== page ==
Amazon’s IT recruitment efforts in 2013 dramatically outpaced those of all of its competitors, according to a report published on the industry website Retail Information Systems News. During the year, the company posted about 17,000 tech jobs, more than 57 percent of all postings among the top 10. That’s a lot of postings, and we should note the report didn’t provide a definition for what jobs it considers “tech” or how it counted the ads. Still, the number is an… continue…

3 Requirements for Jobs in Software QA

Posted In Looking in Tech
Testing Code
The software industry’s evolution is changing the landscape of software QA. Mobile applications, new approaches to development and automation are all having an impact. The Bureau of Labor Statistics predicts strong growth in positions for software QA engineers, forecasting the creation of some 100,000 new positions through 2022. Today, the average salary in software QA is $75,444, according to the most recent Dice Salary Survey. Click here to find Software QA jobs. Many of those new jobs are bound to… continue…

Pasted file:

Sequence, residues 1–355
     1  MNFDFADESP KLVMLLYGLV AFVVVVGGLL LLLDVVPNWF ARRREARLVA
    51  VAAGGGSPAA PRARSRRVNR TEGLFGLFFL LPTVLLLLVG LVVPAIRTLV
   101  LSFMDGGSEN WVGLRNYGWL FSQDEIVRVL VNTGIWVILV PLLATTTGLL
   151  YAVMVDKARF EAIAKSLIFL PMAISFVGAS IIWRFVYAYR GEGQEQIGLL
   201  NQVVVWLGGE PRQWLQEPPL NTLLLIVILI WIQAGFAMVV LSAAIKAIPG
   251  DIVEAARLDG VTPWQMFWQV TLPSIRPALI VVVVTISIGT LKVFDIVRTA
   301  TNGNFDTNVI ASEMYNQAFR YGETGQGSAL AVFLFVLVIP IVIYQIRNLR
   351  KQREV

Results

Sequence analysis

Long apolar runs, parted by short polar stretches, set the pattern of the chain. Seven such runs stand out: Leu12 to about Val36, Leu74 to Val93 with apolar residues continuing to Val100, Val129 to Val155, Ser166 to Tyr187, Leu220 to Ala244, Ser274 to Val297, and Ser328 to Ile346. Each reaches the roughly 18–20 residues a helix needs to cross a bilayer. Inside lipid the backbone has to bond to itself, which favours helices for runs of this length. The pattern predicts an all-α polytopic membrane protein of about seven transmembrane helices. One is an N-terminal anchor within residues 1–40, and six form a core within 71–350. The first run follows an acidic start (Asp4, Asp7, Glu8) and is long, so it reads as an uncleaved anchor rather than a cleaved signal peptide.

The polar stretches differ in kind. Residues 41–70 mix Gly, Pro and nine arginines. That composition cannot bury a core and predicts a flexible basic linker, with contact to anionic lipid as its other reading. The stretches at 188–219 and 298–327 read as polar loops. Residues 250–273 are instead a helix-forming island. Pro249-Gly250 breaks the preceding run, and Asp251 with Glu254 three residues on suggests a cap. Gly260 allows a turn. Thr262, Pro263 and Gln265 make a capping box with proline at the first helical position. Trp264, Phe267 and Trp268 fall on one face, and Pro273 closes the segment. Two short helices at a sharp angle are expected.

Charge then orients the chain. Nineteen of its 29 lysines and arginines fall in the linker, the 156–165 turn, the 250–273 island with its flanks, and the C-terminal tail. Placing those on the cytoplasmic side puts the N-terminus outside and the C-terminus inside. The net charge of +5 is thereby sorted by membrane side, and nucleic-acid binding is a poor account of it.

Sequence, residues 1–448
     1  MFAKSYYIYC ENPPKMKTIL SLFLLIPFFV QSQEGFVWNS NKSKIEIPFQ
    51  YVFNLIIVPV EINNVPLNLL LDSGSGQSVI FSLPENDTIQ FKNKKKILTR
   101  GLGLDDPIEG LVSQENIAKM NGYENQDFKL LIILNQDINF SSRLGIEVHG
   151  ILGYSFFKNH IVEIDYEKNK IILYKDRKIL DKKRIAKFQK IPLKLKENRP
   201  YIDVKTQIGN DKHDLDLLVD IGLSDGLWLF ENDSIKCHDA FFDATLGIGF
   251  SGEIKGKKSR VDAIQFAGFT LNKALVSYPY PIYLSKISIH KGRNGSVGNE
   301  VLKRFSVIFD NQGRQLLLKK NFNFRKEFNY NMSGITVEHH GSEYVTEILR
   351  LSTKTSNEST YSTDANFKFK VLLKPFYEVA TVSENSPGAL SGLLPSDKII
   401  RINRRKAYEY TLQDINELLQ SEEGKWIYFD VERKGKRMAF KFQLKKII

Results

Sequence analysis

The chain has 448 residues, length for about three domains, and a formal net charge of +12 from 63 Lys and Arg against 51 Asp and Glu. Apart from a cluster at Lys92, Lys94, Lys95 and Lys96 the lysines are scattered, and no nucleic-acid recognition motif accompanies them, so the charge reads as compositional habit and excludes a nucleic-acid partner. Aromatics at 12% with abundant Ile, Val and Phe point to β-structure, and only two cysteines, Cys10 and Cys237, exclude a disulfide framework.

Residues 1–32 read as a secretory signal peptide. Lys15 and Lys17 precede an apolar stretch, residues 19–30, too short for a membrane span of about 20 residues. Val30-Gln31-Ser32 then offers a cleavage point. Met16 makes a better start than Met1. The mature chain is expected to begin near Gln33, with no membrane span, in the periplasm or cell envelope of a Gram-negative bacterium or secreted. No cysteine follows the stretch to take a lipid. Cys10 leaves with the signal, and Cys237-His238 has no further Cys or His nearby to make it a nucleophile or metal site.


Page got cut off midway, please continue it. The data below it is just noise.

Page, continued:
Cloud Vendors Desperate for OpenStack Skills

OpenStack Logo
Learning about OpenStack is the surest way to get onto the cutting edge of cloud infrastructure, according to Jason Baker in a post at opensource.com. “Investing your time in learning OpenStack pays off,” Baker writes. The dramatic growth of the cloud has created thousands of jobs, with demand for OpenStack skills among the most pressing. According to Rackspace, “OpenStack outpaces other cloud infrastructure jobs considerably,” Baker writes. And since the hosting company conducted its survey some 18 months ago, the… continue…

How Tech Jobs Have Changed in 15 Years

Posted In Looking in Tech
1997 Computer Job
A comparison of tech jobs in 1997 and 2012 shows an interesting evolution. Think about the jobs that didn’t exist way back when, or at least not by their current names: cloud architect, mobile application developer, social media specialist. As part of its effort to mark the 25th anniversary of the World Wide Web’s creation, the Pew Research Center has taken a stab at analyzing the Web’s impact on employment. Pew’s analysis shows that some categories, such as software developer,… continue…